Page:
US expert panel recommends against prostate cancer screening

BMJ 2011; 343 doi: (Published 10 October 2011) Cite this as: BMJ 2011;343:d6479
  1. Jeanne Lenzer1,
  2. Shannon Brownlee2
  1. 1New York
  2. 2Washington, DC

The prostate specific antigen (PSA) test should not be used to screen men for prostate cancer because it is unlikely to save lives and can cause harm, says an independent panel of experts.

The US Preventive Services Task Force, an independent body of 16 experts that evaluates evidence to grade devices and rank preventive services, announced its recommendation against prostate cancer screening of all US men on 7 October. In a statement it said that there was “moderate certainty that PSA-based screening for prostate cancer has no net benefit.”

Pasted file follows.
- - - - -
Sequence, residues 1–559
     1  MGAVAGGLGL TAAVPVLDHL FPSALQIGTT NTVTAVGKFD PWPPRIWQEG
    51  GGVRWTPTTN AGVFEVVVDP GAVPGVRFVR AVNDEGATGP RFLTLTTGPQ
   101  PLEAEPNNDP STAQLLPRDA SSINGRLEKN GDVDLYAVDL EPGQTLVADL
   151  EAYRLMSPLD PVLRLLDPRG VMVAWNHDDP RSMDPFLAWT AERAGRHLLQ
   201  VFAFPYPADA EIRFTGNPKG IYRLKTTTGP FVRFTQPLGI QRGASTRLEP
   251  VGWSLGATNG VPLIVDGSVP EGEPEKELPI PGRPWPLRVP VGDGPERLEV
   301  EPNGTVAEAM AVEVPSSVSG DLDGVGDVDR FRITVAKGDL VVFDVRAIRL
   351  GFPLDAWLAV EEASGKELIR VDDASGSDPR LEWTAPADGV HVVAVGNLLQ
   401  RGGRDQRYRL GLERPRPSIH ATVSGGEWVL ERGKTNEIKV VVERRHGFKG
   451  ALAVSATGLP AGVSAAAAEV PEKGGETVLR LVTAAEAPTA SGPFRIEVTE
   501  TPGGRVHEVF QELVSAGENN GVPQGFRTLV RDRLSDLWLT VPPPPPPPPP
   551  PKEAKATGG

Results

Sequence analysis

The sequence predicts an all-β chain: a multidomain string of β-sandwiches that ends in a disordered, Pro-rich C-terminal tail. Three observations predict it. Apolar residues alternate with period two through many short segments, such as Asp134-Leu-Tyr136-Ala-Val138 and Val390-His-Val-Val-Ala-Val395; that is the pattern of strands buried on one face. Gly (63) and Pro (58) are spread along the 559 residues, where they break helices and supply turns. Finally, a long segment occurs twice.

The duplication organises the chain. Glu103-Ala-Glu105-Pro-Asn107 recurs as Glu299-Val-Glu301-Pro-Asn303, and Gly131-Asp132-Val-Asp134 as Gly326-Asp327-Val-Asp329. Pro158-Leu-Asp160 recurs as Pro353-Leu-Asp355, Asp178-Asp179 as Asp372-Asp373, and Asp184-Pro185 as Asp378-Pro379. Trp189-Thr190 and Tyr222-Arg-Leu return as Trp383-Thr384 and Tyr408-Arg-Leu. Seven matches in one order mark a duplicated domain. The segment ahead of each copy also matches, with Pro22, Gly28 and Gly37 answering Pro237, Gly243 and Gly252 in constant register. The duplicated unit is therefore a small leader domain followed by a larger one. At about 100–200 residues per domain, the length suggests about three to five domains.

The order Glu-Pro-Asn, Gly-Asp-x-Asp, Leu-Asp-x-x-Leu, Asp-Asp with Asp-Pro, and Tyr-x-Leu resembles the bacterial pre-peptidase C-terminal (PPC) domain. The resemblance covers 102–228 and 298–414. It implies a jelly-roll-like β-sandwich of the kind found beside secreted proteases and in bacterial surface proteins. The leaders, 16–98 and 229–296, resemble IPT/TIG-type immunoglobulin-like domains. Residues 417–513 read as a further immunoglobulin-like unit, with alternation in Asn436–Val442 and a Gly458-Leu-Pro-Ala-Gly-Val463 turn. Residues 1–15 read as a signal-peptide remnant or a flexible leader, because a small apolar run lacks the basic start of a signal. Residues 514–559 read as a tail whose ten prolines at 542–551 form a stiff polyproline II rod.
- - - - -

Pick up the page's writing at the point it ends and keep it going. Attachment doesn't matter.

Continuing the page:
The task force made its recommendation in 2009 and again in 2010 after in-depth scientific reviews conducted by the Agency for Healthcare Research and Quality, but these were never published.

The agency’s 2010 review was published on 7 October after an article in the New York Times magazine publicised the fact that this recommendation was made, but not published, nearly two years earlier ( …

View Full Text

Sign in

Log in through your institution